March 19, 2017 by Leah
My mental health has been up and down for the last 20 years (I mean, whose hasn’t?). My last big crisis was in the mid-2000s, and a combination of a fantastic, nonjudgmental therapist trained in EMDR, switching to a more whole foods based diet, and starting or restarting fulfilling activities I enjoy that allowed me to make and meet attainable goals (grad school, playing the cello) catapulted me into a place (some might call it “adulthood”) where I finally had the skills and experience to recognize and manage the normal ups and downs of life.
Having babies has played a little fast and loose with my depressive tendencies, but I got through the first two instances of depression (weaning related and postpartum for babies #1 and #2, respectively) with the help of a good therapist my PCP found for me. Getting through the tumultuous arrival of #3 required chemical help (hi, Zoloft!) for the first time in years. It was anxiety more than the old familiar depression that convinced me that drugs were the correct answer, and once I started taking a low daily dose of antidepressants, I stopped crying and being actively scared that I was going to die every time I had a high blood pressure reading. (So, twice a day, for weeks and weeks.)
When I found out I had CKD, I cried all the way home and then upped my dosage of Zoloft. (Apparently my nephrologist prescribes a lot of Zoloft.) But because I was sick for months, expecting to heal, and then suddenly I was informed that things were NOT going to heal and I was actually going to get much sicker and be medically dependent for the rest of my life, I am playing a little catch up. It took a while for the diagnosis to sink in. I feel like I missed out on some of the basics of what this means (one of my questions for my second opinion appointment is, “What would you tell someone getting diagnosed with CKD for the first time?”). I went back to my therapist and tried really hard to use healthy coping skills like working out and going out of doors, but since exercise has started to leave me without enough energy to care for my kids for the rest of the day, I’ve stopped exercising. I’ve also started getting really depressed. I’m mindlessly shoving carbs into my mouth, having one more drink than I should in the evenings, and buying random stuff we don’t need at stores. I’m staying up too late because I don’t want to face tomorrow, or going to bed too early because I can’t take any more of today. None of these things make me feel any better.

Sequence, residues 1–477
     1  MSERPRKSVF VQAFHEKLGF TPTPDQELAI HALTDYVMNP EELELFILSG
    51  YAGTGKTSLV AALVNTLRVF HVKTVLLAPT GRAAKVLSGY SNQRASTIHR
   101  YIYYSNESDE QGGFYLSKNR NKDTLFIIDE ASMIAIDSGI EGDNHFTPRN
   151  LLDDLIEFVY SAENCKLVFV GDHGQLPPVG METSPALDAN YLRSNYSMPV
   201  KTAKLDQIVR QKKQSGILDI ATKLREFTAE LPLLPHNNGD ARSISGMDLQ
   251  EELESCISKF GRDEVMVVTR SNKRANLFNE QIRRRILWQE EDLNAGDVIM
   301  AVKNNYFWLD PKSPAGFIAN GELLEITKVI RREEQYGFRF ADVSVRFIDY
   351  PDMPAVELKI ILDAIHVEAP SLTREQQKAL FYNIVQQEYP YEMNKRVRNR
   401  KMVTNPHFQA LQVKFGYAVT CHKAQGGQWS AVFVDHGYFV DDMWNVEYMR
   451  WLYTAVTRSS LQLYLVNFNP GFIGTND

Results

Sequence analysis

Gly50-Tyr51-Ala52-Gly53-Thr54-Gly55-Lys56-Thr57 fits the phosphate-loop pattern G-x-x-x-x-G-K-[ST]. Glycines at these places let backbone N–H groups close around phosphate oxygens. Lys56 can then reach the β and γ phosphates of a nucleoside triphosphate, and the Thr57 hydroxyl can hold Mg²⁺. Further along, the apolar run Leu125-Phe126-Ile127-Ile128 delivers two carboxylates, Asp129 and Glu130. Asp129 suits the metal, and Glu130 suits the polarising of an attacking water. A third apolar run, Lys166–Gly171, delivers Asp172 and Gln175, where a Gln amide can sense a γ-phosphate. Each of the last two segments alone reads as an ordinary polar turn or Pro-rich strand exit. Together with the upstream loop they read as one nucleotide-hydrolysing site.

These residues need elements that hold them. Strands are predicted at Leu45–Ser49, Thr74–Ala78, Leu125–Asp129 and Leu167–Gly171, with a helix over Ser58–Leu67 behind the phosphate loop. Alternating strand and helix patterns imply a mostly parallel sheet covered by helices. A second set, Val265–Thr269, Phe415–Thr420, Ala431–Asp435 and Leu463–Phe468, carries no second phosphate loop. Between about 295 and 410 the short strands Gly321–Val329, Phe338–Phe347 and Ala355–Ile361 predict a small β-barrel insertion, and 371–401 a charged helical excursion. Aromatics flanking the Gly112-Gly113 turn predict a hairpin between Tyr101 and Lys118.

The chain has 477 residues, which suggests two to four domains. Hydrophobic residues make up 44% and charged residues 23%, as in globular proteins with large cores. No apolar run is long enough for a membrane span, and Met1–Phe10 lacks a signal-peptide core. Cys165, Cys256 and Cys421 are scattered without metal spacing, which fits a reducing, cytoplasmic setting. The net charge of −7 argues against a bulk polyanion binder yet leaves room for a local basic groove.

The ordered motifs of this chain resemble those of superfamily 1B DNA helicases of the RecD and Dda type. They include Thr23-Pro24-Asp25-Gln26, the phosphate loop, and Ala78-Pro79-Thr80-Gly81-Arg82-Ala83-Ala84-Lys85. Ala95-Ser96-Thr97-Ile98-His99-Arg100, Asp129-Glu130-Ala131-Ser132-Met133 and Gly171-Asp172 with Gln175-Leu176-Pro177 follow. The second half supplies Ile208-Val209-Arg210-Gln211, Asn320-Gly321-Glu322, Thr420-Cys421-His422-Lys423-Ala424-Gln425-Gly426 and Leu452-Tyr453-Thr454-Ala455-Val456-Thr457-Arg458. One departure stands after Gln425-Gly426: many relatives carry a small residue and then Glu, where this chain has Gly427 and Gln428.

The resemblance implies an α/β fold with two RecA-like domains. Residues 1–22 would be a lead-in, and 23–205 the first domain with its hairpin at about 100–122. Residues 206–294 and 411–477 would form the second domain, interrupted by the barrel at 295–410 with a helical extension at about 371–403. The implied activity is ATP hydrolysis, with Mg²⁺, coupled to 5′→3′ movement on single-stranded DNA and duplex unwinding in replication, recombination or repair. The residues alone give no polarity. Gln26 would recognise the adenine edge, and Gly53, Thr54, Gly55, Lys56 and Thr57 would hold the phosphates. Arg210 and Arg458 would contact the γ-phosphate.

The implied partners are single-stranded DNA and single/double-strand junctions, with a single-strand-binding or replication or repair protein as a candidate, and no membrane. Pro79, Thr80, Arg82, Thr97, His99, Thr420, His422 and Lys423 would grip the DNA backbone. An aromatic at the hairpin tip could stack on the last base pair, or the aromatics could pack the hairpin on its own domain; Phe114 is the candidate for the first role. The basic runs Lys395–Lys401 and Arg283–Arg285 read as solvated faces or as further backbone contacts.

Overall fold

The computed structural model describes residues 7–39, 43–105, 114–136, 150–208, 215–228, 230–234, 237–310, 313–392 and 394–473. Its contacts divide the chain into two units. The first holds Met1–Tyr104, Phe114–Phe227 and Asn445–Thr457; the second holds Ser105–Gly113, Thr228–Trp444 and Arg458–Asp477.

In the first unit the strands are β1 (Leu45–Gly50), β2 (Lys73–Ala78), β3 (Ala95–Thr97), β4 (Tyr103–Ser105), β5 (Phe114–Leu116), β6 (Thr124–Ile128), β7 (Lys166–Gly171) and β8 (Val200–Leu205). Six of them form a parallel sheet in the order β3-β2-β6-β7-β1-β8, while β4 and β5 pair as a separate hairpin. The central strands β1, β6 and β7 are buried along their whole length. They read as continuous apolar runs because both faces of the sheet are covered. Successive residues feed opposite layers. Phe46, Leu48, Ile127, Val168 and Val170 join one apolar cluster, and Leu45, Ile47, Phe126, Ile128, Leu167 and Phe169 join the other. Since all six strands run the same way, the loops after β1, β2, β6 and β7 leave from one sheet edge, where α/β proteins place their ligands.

Now that I’ve identified these behaviors, I can make them stop, but the problem there is that when you’re not frantically doing displacement activities, there is room for the bad feelings to be front and center in your head all the time. I feel like I’m moving around in a fog. I’m barely reading because I can’t concentrate. I have been fantasizing about death and divorce, when in fact I am desperate not to die anytime soon and I love and even like my husband. I remember that I am actually chronically ill, and that I can do great damage to my stupid, faulty body just by neglecting to take my meds for a while. I consider whether this would give me any satisfaction. (Unlikely.)
I want to be making the most of my time with my children, because who knows what will happen tomorrow, but when I am with them I feel like there’s a veil between us, and I just want time to myself to recharge, which makes me feel guilty. I feel like a complete fraud and shell of a person when I am out and about. The kids have been extra challenging lately (all three of them have been sleeping horribly for a couple of weeks – I think the baby is teething, the preschooler has pinkeye in his OTHER eye now, and they are all probably picking up on my general lack of success at being human).
Yesterday I started looking up spiritual retreats, figuring that it would make more sense to work on healing than to check into a local motel and watch trash TV in a fit of pique (for the record, I have never done this, but I did come really close, once). I would LOVE to go do the “Monk for a Month” program at the Monastery of St. Gertrude in Idaho, but booking a 4-5 day retreat at their Inn, or at Breitenbush Hot Springs in Oregon seems more doable. And I could be responsible and line up childcare and kiss my husband and kids goodbye before driving off in my tiny, spotless rental car.
I probably won’t really do this, but reading about monastic retreats and homemade jam seems like one of the healthier and more creative coping skills I have come up with in a while, so I’ll just go with that for the time being.